Monday, 14 June 2021

PERFORMING PICTURE BOOKS

 My fourth picture book is published on 24th June. The Lion on the Bus is illustrated by Jeff Harter and follows an eventful bus journey through the eyes of a little girl happily singing ‘The Wheels on the Bus.’ When she spots a lion get on, she sings:



Her mother is lost in a book and oblivious to the fact that her daughter's song is describing what is happening around her - as yet more ferocious animals board the bus, eventually taking the passengers hostage! Don't worry. It's all right in the end. 

 

I came up with the idea for this book when I was singing The Wheels on the Bus with my daughter and one of us (we don't agree on which one) started singing The Lion on the Bus goes RAR RAR RAR! 

I wondered what a lion would be doing on a bus then wrote this book to answer that question.

While most picture books are designed to be read aloud, this one is designed to be sung so requires some level of performance. 

As the author, I am dying to get out and perform this book. I find that picture books come to life through performance in ways that often surprises and intrigues me.  I often learn something new about my own books when I read them in public, because it allows me to see them through my audience's eyes.

When I’m writing a picture book, I will read it aloud countless times to ensure that the words trip off the tongue, rather than the tongue tripping over the words, but reading a book to an audience is an entirely different experience. 

With 3 picture books out this year, I can't wait for the return of school visits, festival shows and library events. Happily, I've got a few lined up so I've been reminding myself of the important things to remember when performing a picture book. 
                                
1. EVERY PERFORMANCE IS A REHEARSAL

You can practice reading your book in advance all you like but you won't be able to properly rehearse it until you have an audience in front of you (no matter how small). For me, it takes a good 5 or 6 public readings before I have properly learned how to perform one of my books. Even after 50 performances, I still discover new ways to improve the reading - and quite often these ideas come from the audience.


2. KNOW THE BOOK, SHOW THE BOOK

The best readings (especially of picture books) don’t actually involve much reading. With a new picture book, I might still be reading the words for the first few performances, but eventually these words get ingrained in my head like the lyrics of a song and this means I can focus on all the other aspects of the performance. It also means I can hold the book so that the audience can see the pictures. 


3. ACTIONS SPEAK LOUDER 

With my first picture book, The Dinosaurs are Having a Party (illustrated by Garry Parsons) I get the audience to roar a lot and, at one point to throw tantrum, shouting, "It's not fair and nobody cares!" In Are You the Pirate Captain? (also with Garry) I have them hammering nails, chipping off snails and swabbing the decks. With Rabunzel (illustrated by Loretta Schauer) I have discovered that the audience love to bring the hungry eyes creatures to life with growls howl, hisses and eagle screeches - although mine often sound more like seagull squawks. I don't think about these interactive elements when I'm writing the books. Nor when I'm commenting on the illustrations. I usually discover them through the performance itself.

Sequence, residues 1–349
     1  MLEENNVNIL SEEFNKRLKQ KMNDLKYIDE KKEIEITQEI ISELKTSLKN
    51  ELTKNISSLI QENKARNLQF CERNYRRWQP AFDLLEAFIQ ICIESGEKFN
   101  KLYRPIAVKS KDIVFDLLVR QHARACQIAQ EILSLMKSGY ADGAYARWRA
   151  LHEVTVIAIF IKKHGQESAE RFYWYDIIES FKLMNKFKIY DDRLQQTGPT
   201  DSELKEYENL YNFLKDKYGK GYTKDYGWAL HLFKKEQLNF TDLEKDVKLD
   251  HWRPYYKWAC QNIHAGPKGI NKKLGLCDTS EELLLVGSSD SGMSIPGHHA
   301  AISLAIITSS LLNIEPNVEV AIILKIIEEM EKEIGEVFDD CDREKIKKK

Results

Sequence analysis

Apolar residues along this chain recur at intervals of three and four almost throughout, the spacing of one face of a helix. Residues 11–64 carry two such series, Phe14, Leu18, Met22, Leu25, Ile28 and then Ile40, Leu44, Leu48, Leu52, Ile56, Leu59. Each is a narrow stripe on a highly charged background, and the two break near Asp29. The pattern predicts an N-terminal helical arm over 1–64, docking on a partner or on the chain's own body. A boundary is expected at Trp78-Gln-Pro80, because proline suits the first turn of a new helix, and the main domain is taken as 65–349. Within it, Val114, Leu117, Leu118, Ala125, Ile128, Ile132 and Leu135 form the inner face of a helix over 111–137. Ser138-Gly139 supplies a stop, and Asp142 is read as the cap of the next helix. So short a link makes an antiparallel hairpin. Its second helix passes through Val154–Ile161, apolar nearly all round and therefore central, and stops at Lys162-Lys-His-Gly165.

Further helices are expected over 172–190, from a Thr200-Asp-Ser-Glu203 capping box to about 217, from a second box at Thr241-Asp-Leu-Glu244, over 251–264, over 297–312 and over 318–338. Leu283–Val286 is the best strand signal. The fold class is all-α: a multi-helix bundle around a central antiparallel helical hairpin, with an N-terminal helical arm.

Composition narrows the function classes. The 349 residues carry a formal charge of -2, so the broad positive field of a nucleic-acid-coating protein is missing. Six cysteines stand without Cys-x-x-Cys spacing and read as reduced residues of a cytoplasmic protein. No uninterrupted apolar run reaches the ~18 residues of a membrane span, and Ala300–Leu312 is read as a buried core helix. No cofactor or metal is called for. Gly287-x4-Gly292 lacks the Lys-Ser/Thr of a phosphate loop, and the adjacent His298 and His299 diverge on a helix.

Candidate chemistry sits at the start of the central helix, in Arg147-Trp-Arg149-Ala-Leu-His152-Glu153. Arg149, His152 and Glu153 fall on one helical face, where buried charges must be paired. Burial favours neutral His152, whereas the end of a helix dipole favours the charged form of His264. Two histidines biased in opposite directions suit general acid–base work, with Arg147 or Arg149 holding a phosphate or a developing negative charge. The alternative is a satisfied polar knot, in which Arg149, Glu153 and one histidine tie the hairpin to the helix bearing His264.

4. ENGAGE AND CONNECT

The more engagement, the better when it comes to reading books in schools. The more you can keep the audience involved the less chance you give them to wriggle about and get distracted. Don’t be afraid to stop and ask a question or add in a funny aside. Or maybe you have a puppet. Or a prop like this treasure map that Garry made. Or a song. Whatever you can do to make the reading more than a reading will really help hold your audience's  attention.


5. ALLS WELL THAT END'S WELL

No matter how clear it is to you that your beautifully composed conclusion signifies the end of the book, your audience may not realise it's over. Perhaps you can indicate it's the end with an emphatic closing of the final page. Or maybe you have a song to finish with. Or is there a repeated phrase or action that the audience can join in with that will let them know it's all done? It’s worth thinking about because, although it is perfectly fine to end with the words “And that’s the end of this book,” there will always be a more satisfying way to conclude.  

And that’s the end of this blog.  


Gareth P Jones’ new book The Lion on the Bus is illustrated by Jeff Harper and published by Farshore Books. You can see him talking (and singing) about the book on 24th June at Moon Lane TV. He is appearing at Camp Bestival & Latitude this summer and is currently taking bookings for school visits, library events and festivals.  
 




1 comment:

Sujitha said...

The most beautiful animated nursery rhymes for Kids. Join us to teach your children through fun and entertainment.
Wheels on the Bus
Wheels on the Bus Rhyme